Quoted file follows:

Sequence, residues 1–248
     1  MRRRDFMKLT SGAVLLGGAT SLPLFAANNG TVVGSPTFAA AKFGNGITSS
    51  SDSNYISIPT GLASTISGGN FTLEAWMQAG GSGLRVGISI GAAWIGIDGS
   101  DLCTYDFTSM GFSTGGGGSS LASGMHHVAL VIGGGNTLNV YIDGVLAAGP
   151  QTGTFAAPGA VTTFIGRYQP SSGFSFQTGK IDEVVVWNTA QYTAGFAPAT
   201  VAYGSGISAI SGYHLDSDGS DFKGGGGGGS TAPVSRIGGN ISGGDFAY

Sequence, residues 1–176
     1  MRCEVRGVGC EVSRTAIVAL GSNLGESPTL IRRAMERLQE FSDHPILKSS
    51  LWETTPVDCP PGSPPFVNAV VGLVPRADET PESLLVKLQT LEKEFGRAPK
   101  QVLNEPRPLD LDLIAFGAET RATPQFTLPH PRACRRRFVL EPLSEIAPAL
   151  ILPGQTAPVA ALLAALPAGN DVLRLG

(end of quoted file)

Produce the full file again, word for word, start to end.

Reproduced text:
Sequence, residues 1–248
     1  MRRRDFMKLT SGAVLLGGAT SLPLFAANNG TVVGSPTFAA AKFGNGITSS
    51  SDSNYISIPT GLASTISGGN FTLEAWMQAG GSGLRVGISI GAAWIGIDGS
   101  DLCTYDFTSM GFSTGGGGSS LASGMHHVAL VIGGGNTLNV YIDGVLAAGP
   151  QTGTFAAPGA VTTFIGRYQP SSGFSFQTGK IDEVVVWNTA QYTAGFAPAT
   201  VAYGSGISAI SGYHLDSDGS DFKGGGGGGS TAPVSRIGGN ISGGDFAY

Sequence, residues 1–176
     1  MRCEVRGVGC EVSRTAIVAL GSNLGESPTL IRRAMERLQE FSDHPILKSS
    51  LWETTPVDCP PGSPPFVNAV VGLVPRADET PESLLVKLQT LEKEFGRAPK
   101  QVLNEPRPLD LDLIAFGAET RATPQFTLPH PRACRRRFVL EPLSEIAPAL
   151  ILPGQTAPVA ALLAALPAGN DVLRLG